In 2020, three of the six bills Justice vetoed were for technical errors. However, this session, the Legislature had to pass two bills (SB81, SB523) that corrected a total of six incorrect code citations that got past Justice and his attorneys.
Mistakes happen, and a governor’s veto is frequently the last opportunity to prevent errors from getting into state code.
(Probably the most common mistake occurs when bills are amended late in the session, and staff counsel simply fail to amend the bill title to reflect the change. Bill titles are summaries of the contents of each bill, including what sections of code are being changed or created. I don’t know the history of bill titles but have always assumed they were put there so lazy reporters like me don’t have to read bills in their entirety.)
Justice’s total of six vetoes in the 2020 and 2021 sessions marks the fewest number of vetoes over a two-year span over the past 30 years, with Gov. Gaston Caperton’s nine vetoes in 1992 and 1993 being the second lowest.
During that time period, the highest two-year total of vetoes came in 2015 and 2016, when Gov. Earl Ray Tomblin vetoed a total of 59 bills passed by the newly Republican-controlled Legislature.
Over 16 sessions, Govs. Bob Wise, Joe Manchin and Tomblin each had only one session where they vetoed fewer than 10 bills, and Gov. Cecil Underwood, a Republican working with Democratic supermajorities in the Legislature, never vetoed fewer than 11 bills a session.
Justice’s rubberstamping of the legislative agenda surely let flawed bills, both literally and technically, become law. The one that immediately comes to mind is the transgender athlete ban that he “proudly” signed into law, despite the likelihood it’s unconstitutional and will cost the state millions of dollars from a NCAA boycot.
If he’s expecting a quid pro quo of newfound support for his tax shift scheme in exchange for not vetoing any bills, he’s sadly mistaken.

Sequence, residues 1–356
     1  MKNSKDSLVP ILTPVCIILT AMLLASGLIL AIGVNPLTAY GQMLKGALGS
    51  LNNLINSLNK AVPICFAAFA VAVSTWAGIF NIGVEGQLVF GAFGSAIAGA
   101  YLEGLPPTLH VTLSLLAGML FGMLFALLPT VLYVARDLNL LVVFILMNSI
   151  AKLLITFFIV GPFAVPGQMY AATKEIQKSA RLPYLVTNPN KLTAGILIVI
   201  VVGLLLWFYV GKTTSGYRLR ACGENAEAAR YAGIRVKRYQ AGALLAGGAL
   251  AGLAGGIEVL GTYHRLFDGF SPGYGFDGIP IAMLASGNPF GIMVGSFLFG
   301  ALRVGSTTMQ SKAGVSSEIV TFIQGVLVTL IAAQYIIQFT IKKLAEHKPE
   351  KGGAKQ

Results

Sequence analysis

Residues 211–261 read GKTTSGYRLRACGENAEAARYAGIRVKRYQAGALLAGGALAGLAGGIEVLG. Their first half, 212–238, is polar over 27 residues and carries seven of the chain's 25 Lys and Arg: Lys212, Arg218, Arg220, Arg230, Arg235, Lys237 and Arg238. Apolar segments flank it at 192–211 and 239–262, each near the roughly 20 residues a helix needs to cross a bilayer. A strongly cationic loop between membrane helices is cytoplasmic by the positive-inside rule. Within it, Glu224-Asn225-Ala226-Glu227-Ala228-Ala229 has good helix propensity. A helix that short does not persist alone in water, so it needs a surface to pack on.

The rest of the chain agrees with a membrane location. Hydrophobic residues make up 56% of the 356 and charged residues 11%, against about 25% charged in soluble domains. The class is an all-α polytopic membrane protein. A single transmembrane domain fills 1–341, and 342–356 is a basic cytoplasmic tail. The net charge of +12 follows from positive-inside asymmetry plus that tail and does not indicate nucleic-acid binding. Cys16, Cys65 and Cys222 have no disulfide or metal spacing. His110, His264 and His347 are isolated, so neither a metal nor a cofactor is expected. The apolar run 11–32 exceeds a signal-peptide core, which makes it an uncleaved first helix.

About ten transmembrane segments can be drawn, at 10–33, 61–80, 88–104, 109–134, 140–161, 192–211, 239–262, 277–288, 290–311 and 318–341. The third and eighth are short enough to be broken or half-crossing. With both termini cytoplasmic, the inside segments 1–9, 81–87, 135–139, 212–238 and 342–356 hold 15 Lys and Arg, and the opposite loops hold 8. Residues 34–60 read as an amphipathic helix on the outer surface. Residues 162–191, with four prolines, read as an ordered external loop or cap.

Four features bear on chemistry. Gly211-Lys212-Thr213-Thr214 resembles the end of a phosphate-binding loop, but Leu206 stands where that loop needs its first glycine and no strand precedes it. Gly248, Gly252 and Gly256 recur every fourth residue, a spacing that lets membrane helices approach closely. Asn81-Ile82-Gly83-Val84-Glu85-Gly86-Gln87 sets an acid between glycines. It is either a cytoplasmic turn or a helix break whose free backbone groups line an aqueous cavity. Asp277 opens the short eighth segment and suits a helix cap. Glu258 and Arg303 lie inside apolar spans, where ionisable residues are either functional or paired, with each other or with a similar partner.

Finally, Justice has a long history of making false claims about easily verifiable data. During a state COVID-19 briefing last week, he noted that 46.4% of West Virginians 16 or older have been fully vaccinated, commenting, “That probably leads the nation, or is close to it.”
The Centers for Disease Control data tracker, which uses a slightly different metric by counting each state’s total population, on the day of Justice’s comments ranked West Virginia 36th in the nation in percentage of population fully vaccinated, something Justice or his minions could have verified, rather than spouting off a grandiose and false narrative about the state being a national leader in vaccinations.
(FYI, as of Friday, West Virginia had slipped to 37th on the CDC data tracker.)
Meanwhile, the buzz Friday was over the governor’s conspicuous absence during First Lady Jill Biden’s visit to Charleston a day earlier.
As one reader emailed: “I wasn’t able to get to get to Charleston to cheer Jill Biden on, but correct me if I’m wrong — our own governor couldn’t be bothered to greet her? If that’s the case, it’s downright bad manners, among many, many other things, and he should be castigated for it.”
Guess that’s just Jim being Jim.